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It isn't Humor, it's Insecurity

Most commentators seem to think the recent brouhaha over cartoons in textbooks has more to do with our political class not having a sense of humor than anything else.

I don't agree.

Humor has nothing to do with it. Insecurity, everything. Its insecure people who protest at 'seeming' insults. Secure people on the other hand laugh it off. Its a pity, though understandable how Dalit MPs reacted to a 'seeming' insult on their icon, Dr. Ambedkar. Though I would have wished otherwise I can quite understand the Dalits taking time to inculcate a sense of security after having faced centuries of discrimination.

But not so for others. But then again, there's another story there. Culturally, most of what we tend to believe in focuses on everything on the 'outside', Meaning, our sense of security comes not from within, but from 'out there'. And out there are all those symbols and icons that we hold dear and take to, so as to craft an identity for ourselves. Our 'outside' thus is populated by our dear deities, dead icons, and other such worshipful beings. Any notion of an insult on them isn't tolerated by us. Which explains perfectly why we go into an abnormal tizzy and ban movies, books, people, and so on.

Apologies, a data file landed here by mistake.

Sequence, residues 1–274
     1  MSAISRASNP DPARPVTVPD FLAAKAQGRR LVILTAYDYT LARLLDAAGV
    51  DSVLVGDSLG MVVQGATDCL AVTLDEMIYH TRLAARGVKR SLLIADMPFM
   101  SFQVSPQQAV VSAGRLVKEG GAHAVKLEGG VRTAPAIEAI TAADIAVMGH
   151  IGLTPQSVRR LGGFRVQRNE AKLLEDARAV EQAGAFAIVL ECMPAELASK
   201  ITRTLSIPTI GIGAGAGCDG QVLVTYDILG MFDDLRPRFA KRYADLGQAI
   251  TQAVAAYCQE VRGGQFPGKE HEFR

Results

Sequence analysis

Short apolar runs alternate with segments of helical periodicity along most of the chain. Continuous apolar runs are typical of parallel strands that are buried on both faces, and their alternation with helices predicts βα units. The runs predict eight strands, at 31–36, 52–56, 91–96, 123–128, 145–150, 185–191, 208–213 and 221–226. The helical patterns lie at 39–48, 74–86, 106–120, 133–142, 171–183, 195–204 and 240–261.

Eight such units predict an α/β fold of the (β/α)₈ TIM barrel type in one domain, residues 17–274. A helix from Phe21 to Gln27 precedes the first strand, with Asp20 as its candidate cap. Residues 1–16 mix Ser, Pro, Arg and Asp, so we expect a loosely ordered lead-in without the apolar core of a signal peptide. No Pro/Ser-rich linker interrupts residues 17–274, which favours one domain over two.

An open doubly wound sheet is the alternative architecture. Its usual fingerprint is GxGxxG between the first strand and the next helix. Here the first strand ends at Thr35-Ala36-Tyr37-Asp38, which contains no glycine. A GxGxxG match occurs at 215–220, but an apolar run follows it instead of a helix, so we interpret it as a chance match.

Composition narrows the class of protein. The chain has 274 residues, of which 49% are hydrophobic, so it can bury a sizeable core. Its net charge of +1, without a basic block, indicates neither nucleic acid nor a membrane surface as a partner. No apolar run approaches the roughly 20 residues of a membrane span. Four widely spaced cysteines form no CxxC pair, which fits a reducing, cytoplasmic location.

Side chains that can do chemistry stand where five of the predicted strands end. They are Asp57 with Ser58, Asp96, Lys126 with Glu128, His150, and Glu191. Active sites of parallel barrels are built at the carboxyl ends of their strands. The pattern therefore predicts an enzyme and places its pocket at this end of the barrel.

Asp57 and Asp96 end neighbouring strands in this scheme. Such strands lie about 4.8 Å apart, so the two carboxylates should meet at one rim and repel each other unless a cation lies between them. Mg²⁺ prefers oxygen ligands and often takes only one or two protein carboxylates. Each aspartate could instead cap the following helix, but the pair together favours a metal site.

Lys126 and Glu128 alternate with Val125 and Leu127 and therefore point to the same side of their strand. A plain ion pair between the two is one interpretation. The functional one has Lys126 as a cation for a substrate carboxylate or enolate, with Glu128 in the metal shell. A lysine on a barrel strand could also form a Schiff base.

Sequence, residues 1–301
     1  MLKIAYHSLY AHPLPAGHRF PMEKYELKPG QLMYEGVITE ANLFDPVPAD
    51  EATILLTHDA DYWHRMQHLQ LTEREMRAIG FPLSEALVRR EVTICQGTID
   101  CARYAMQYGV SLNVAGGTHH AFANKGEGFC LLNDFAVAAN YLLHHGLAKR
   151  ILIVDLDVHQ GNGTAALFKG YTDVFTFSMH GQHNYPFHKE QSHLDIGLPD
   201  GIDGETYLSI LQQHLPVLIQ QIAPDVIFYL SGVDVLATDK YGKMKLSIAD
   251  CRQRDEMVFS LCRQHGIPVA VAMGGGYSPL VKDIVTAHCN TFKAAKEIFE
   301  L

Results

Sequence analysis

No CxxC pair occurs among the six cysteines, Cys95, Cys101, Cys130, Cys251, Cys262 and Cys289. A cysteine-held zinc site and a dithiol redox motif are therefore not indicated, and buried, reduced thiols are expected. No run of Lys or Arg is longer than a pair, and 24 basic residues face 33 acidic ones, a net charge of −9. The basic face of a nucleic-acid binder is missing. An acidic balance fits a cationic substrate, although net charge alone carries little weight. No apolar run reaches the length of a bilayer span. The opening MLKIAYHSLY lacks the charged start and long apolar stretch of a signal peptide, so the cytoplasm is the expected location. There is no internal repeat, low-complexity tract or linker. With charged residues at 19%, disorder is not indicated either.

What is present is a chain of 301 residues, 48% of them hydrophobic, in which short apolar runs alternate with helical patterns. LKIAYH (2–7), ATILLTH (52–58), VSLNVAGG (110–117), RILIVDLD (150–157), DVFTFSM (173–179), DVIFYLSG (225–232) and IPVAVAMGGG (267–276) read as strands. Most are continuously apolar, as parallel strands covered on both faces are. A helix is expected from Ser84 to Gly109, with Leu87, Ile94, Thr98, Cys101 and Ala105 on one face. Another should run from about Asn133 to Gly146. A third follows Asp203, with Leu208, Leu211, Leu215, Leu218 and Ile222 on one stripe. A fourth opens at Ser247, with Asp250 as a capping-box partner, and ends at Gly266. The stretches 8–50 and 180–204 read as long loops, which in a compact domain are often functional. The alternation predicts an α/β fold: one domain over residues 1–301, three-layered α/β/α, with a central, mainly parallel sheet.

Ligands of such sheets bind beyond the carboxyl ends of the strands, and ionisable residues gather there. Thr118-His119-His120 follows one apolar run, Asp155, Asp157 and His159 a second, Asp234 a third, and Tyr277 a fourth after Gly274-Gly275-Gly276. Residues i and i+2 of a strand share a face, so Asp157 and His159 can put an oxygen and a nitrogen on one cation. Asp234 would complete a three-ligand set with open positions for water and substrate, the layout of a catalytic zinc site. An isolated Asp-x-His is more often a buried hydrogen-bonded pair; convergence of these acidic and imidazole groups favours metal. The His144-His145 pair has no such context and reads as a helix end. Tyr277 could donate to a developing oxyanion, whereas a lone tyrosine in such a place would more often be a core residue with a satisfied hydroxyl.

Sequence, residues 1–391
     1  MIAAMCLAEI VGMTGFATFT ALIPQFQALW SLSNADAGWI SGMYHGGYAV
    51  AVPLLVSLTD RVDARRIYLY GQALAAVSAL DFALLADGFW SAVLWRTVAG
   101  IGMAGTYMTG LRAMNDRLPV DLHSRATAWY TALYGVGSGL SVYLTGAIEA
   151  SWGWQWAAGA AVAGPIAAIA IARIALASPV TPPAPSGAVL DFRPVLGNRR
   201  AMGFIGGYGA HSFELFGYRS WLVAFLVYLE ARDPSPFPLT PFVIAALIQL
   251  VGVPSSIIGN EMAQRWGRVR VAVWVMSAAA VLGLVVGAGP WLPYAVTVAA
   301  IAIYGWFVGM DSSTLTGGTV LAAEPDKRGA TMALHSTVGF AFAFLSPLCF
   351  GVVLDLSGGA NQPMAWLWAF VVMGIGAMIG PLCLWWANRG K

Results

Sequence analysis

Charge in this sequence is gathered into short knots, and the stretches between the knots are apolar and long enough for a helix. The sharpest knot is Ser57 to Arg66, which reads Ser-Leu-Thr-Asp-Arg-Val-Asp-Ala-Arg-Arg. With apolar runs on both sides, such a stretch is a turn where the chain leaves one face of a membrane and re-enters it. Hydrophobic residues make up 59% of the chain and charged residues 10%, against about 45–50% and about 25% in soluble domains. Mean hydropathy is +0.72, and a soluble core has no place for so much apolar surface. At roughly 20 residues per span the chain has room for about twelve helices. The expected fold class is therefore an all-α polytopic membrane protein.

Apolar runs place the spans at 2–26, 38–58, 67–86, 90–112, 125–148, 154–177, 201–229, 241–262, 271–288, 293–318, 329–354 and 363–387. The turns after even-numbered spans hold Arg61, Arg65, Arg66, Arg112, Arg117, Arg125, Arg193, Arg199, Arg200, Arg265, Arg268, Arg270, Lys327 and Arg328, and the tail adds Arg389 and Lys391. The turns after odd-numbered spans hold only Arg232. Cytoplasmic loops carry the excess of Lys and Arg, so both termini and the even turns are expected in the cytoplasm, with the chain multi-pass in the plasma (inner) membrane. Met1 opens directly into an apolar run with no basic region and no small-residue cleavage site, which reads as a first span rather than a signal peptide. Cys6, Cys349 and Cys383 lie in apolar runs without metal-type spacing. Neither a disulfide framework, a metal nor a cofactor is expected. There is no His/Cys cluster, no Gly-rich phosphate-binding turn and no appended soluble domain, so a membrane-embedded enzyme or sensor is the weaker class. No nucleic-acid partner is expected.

Insecure people are welcome consumers to marketers. The purchases they make are inclined towards an attempt at masking their insecurity. So if its a car they're buying, it will be 'grand' enough to make a 'statement'. The houses they build and dwell in will reek in ostentation. So will their clothes and their lifestyle.

Now as a nation, we have miles to go before we turn secure. Until then there'll always be recurring 'insults' that offend us. So we'll keep up with our ludicrous demands to out cartoons. And we'll keep up with trying to score points with our purchases.

What can I say, other than amen to the latter.


Ranjit said…
Hey Professor,
Just 'stumbledupon' your blog, and am hooked good and proper - look forward to reading more of your incisive thoughts.

In this particular cartoon issue, along with the insecurity, could it also be a dose of megalomania - if the two can co-exist? And if so, whats your take on how the marketeer manipulates that in a consumer?
Ray Titus said…

Thanks, appreciate your comments. :)

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